Announcement

Collapse
No announcement yet.

OT: Homeschooling an only child

Collapse
X
  • Filter
  • Time
  • Show
Clear All
new posts

    OT: Homeschooling an only child

    I know I am in the minority here, but are there any other MP users who have homeschooled an only child? I would love to connect if so. Feel free to private message me if you'd rather do that.

    #2
    Re: OT: Homeschooling an only child

    My youngest is 8 years younger and his older brother goes to public school, so he is the only child to homeschool using Memoria Press.
    Miah - married to Warcabbage, 3 boys, BS in social work, AS in Electrical Engineering Technology

    Evulcarrot - 18, freshman in college, Medical Technology , mild autism
    Battlebroccoli - 17, lives with grandma, attends a special high school program part time
    Doomsprout - 10, highly verbal moderate autism, anxiety, motor delays, sensory processing issues - SC 4 with R&S 4

    Comment


      #3
      Re: OT: Homeschooling an only child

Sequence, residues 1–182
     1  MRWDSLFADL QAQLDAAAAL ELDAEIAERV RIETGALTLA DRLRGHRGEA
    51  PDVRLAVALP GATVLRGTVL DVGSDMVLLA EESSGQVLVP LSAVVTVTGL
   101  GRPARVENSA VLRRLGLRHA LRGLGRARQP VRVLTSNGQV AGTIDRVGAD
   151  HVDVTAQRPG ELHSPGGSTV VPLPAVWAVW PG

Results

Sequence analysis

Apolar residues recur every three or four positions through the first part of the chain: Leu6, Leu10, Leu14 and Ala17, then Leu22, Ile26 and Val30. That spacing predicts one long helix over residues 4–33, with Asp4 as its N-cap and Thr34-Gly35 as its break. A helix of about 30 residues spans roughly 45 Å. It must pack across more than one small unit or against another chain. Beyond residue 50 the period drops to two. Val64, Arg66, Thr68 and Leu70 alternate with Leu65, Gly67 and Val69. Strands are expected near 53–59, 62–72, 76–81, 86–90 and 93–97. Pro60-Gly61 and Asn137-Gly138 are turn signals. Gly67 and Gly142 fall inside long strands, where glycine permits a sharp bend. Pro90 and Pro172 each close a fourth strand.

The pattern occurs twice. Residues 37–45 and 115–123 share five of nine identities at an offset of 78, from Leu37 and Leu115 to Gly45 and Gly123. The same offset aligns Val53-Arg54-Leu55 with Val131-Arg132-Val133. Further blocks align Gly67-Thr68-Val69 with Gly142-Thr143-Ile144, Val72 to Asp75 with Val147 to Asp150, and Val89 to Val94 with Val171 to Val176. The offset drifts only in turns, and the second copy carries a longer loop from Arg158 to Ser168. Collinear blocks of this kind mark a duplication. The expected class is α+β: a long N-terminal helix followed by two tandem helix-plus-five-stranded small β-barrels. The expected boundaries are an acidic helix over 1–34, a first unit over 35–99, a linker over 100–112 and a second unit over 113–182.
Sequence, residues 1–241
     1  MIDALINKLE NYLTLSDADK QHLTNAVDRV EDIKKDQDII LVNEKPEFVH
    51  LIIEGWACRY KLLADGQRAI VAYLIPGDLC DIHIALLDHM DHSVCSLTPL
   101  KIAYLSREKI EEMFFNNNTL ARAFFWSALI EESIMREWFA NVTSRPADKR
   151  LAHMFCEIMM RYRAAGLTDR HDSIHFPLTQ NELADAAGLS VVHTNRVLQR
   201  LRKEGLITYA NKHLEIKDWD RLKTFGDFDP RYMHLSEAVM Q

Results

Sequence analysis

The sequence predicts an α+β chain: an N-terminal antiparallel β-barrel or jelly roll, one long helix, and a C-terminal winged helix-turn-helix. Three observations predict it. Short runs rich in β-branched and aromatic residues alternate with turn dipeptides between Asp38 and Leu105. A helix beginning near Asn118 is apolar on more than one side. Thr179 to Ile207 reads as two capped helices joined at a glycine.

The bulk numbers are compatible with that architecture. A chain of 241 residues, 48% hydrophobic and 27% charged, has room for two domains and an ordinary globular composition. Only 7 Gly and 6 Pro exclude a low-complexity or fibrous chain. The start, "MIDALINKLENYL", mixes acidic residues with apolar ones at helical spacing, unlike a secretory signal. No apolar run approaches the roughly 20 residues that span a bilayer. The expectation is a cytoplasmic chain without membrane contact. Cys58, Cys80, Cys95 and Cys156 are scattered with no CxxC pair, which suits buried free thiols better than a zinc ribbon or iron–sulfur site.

I'm homeschooling my "fourth only child". With 9.5 years between my youngest two kids, and with all my olders moved out as adults, my late in life baby is being homeschooled as an only child.

      It is HARD. In many ways, it is harder than when I had my older three at home. Am I pulled in too many directions with an only child? No. Do I *constantly* doubt my homeschooling decision, since he is an only child? Yes, 1000 times yes. every. day.



      Jen
      DS, 26 yrs, graduated from MIT (Aerospace), recently completed the design and execution of unhackable military software... in his spare time.

      DS, 24 yrs, graduated from SIU's School of Business, ENGAGED!

      DD, 21 yrs, Senior in Education at The Catholic University of America in Washington, DC

      DS, 11 yrs, 6M: complete!

      All homeschooled.

      Comment


        #4
        Re: OT: Homeschooling an only child

        Since my oldest works independently via a public virtual school, I am really homeschooling only one child. I often wonder if I will be able to keep doing it when my oldest is graduated and it is just the 2 of us. I hope so, but it does present many challenges, especially as she gets older and needs more independence from me and more time with friends.

        Comment


          #5
          Re: OT: Homeschooling an only child